Alabama River Basin

by | Jun 11, 2024 | Uncategorized, WRC Blog

Written By: Laura Cooley, Jera Dills, Rachel McGuire and Sydney Zinner

The Alabama River is considered the heart river of the state. The Alabama is the state’s longest river, flowing for 315 miles and draining 22,800 square miles (11% of the state via 18 counties). The Alabama River is formed by the joining of the Coosa and Tallapoosa Rivers just north of Montgomery. The river begins at the Fall Line, an imaginary line demarcating the area of Alabama’s ancient coastline. The Alabama River then flows southwest from Montgomery, Alabama towards Selma, Alabama where the Cahaba River joins it. The river then continues south until it merges with the Tombigbee River to form the Mobile River near Mount Vernon, Alabama. The Alabama River watershed has a drainage area of 22,168 square miles.

Example of stream bank erosion

The Alabama River Watershed includes several counties in Alabama. Photo Credit:  Cody Watson, ADEM Non-Point Source Unit

The Alabama River serves as the unifier of Alabama’s Eastern Rivers, the Coosa and Tallapoosa and the western rivers, the Cahaba, Black Warrior, and Tombigbee. Known for a wide variety of fish and wildlife, the Alabama River is a hotspot for many outdoor sports and activities.   

The following counties are included in the watershed: Elmore, Montgomery, Chilton, Autauga, Dallas, Lowneds, Wilcox, Perry, Marengo, Monroe, Clarke, Escambia, and Baldwin.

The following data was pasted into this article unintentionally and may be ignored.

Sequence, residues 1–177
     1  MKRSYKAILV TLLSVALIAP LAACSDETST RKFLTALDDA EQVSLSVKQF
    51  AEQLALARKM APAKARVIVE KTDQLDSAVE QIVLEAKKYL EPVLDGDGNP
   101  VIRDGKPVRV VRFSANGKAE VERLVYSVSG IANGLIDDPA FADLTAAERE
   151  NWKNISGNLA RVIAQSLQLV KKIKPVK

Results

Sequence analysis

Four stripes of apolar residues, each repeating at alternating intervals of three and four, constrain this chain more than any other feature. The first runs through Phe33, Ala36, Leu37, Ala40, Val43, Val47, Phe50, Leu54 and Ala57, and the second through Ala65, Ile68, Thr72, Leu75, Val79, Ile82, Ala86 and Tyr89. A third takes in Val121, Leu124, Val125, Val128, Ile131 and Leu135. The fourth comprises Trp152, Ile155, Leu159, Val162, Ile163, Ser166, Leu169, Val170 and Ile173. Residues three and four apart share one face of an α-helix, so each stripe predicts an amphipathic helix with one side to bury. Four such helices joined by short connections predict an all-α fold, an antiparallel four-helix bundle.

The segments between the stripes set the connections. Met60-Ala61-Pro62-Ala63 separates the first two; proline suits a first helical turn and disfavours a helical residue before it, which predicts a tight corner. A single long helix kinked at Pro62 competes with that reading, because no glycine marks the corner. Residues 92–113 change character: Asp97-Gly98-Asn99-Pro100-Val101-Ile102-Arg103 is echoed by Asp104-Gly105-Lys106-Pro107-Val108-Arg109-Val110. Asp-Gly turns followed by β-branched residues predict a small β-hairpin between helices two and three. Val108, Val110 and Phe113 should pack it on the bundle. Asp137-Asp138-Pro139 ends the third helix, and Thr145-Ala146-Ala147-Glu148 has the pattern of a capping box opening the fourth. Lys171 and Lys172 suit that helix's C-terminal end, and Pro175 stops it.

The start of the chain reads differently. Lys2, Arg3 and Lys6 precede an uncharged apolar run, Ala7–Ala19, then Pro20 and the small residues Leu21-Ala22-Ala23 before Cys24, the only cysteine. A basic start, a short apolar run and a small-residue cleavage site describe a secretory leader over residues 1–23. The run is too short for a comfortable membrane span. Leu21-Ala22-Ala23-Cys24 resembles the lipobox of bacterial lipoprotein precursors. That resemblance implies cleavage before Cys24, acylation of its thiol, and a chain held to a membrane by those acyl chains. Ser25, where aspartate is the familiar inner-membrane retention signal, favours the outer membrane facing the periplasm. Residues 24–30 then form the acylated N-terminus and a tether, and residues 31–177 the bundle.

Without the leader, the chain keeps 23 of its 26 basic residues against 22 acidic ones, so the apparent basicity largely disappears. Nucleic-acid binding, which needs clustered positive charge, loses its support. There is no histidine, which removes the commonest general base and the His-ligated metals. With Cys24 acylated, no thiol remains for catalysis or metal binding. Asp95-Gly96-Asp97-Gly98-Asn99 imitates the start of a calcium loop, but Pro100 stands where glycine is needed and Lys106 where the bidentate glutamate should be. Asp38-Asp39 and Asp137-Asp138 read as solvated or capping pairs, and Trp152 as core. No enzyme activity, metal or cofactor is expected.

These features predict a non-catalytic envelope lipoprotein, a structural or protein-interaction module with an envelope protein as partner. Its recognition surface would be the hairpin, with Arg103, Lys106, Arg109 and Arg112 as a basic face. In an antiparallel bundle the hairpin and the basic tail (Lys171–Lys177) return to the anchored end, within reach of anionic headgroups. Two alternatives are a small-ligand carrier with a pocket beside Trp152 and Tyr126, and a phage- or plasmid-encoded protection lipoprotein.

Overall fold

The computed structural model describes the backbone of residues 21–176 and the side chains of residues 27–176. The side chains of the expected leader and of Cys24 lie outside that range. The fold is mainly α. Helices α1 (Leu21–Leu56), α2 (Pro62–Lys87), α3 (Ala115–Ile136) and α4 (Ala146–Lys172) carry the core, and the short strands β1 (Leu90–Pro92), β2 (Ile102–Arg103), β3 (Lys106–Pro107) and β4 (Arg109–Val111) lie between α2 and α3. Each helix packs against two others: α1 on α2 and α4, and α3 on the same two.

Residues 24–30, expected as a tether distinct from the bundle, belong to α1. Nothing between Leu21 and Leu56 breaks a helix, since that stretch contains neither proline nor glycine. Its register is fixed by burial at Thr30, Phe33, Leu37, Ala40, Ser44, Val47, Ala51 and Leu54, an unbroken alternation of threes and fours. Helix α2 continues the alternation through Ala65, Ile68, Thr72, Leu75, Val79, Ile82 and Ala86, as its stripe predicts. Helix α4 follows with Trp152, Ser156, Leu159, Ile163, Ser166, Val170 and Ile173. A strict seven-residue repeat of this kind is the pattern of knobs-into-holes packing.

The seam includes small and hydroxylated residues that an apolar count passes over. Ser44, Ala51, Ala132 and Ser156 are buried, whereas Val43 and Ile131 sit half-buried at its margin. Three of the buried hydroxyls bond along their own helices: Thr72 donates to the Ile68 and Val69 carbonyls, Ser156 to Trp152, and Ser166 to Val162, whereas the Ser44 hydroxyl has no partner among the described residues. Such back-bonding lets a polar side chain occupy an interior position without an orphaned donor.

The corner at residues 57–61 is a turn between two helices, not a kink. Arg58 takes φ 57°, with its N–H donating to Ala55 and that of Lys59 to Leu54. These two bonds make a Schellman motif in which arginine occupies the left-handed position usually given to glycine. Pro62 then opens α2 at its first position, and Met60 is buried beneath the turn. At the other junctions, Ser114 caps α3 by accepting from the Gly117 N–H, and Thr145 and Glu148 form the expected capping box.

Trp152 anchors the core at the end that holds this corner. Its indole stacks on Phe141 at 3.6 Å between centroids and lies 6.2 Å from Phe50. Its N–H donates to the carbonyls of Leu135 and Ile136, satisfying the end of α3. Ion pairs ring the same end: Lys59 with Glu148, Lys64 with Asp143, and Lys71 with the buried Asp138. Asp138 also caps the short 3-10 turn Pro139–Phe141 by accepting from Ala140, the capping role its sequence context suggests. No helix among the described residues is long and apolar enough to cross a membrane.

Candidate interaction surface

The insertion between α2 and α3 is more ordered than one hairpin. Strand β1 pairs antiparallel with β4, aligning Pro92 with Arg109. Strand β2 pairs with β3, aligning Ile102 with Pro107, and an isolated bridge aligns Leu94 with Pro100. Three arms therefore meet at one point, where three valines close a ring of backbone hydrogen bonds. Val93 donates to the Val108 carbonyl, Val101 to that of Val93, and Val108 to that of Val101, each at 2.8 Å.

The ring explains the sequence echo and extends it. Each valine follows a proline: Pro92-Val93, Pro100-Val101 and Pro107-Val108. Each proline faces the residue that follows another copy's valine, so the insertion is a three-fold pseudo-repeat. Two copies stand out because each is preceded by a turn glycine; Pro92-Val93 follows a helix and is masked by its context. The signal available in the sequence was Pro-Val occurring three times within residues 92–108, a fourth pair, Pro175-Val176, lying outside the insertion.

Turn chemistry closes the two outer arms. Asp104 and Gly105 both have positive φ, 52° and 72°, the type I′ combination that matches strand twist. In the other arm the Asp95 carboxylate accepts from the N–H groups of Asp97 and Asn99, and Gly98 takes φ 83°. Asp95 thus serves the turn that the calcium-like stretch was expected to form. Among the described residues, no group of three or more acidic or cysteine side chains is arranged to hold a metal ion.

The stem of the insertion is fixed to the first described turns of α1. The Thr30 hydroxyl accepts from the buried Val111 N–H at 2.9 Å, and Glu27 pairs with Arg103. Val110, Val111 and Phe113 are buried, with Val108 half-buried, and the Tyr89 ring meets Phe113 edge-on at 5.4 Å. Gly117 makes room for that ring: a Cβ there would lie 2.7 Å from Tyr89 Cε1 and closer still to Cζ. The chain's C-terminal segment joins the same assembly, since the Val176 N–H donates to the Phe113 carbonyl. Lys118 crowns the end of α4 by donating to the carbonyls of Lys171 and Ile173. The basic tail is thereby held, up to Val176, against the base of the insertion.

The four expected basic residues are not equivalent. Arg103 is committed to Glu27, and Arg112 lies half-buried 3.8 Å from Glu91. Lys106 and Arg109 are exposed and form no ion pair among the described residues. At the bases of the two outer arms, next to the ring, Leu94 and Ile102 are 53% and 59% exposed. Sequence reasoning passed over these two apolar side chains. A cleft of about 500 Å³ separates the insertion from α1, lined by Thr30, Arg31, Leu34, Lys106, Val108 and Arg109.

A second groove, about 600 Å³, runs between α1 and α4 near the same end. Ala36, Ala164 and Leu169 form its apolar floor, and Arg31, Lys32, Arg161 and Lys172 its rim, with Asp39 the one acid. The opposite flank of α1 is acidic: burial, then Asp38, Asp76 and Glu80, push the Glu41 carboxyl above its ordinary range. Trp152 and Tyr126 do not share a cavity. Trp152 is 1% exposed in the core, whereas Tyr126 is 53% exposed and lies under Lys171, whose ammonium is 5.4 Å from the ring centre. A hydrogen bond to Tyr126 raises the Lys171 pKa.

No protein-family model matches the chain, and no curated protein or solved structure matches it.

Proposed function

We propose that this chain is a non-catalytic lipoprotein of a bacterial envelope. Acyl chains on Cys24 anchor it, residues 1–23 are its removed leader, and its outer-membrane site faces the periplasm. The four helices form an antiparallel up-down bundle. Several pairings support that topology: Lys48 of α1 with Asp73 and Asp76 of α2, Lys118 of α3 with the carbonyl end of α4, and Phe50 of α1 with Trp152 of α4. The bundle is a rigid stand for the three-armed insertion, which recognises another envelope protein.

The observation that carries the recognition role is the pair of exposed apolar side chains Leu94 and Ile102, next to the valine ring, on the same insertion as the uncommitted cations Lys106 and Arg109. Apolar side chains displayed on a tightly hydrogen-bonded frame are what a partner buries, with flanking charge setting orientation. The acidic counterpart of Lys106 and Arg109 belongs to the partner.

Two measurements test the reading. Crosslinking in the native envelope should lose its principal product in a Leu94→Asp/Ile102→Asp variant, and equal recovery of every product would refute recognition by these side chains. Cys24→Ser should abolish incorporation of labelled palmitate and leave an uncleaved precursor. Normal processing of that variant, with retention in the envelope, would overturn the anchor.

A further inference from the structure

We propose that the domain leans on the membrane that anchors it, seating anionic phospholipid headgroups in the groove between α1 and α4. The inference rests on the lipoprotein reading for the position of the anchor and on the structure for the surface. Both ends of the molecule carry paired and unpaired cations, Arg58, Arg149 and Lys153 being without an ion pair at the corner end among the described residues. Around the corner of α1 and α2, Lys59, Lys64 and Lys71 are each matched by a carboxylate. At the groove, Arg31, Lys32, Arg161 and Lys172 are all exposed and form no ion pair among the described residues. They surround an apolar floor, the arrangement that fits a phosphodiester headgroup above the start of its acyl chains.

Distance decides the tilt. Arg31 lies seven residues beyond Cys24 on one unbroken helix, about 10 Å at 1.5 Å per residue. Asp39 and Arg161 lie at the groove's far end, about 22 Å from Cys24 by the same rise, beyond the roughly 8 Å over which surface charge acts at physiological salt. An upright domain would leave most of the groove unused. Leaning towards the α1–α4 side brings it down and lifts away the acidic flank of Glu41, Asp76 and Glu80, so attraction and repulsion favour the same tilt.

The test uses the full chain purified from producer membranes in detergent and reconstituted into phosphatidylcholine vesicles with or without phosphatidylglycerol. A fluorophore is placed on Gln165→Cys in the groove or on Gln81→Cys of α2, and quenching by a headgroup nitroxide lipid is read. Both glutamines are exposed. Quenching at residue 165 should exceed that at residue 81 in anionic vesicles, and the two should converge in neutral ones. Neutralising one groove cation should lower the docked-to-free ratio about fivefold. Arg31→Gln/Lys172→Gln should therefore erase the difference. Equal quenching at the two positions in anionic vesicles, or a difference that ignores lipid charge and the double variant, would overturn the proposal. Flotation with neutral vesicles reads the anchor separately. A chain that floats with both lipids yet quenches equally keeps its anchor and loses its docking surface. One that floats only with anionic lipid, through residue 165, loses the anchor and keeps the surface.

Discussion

Example of stream bank erosion

The Mobile, Alabama, and Coosa Rivers are a single river the name of which changes at the confluences of major tributaries. Credit:  Wikimedia Commons 

Example of stream bank erosion

Alabama River Whale Vertebra held by Dr. Bill Deutsch. Photo Credit: Bill Deutsch


The state of Alabama, named after the Alabama River, originates from the Alabama Tribe. In the 18th century, the Alabama Tribe became part of the Creek Confederacy. After the French and Indian War, the tribe left Alabama, allied with the Coushatta Tribe, and the two tribes moved to east Texas in 1795. The Alabama-Coushatta reservation is currently the oldest reservation in Texas. However, one section of the tribe remained in Alabama and is now known as the Poarch Band of Creeks.  

Free-flowing, or un-impounded, sections of the Alabama River contain many high bluffs that formed as the chalky soils of the Black Belt were carved away. Hatcher Bluff (estimated to be 350 feet high in 1925) along the Blackwell Bend of the main stem of the Alabama River near Sardis, Alabama.

Steamboats have been important in Alabama’s history. The first steamboat, named the Alabama, was launched in 1818 on the Alabama River.  Steamboats allowed commerce to develop along navigable waters such as the Alabama River, encouraging development of towns such as Montgomery and Selma. Steamboats also made the cotton trade possible as well as increased its production.  In the City of Prattville, north of Montgomery, the Daniel Pratt Cotton Gin Factory, sits next to Autauga Creek, a tributary to the Alabama River. The factory became the largest cotton gin machinery factory in the world and supplied cotton gins to all cotton producing countries in the mid 1800’s. 

A 19th century steamboat replica called the The Harriot II Riverboat is docked in Montgomery’s Riverfront Park. Montgomery, known as the “Birthplace of Civil Rights,” has long been entwined in the history of Alabama.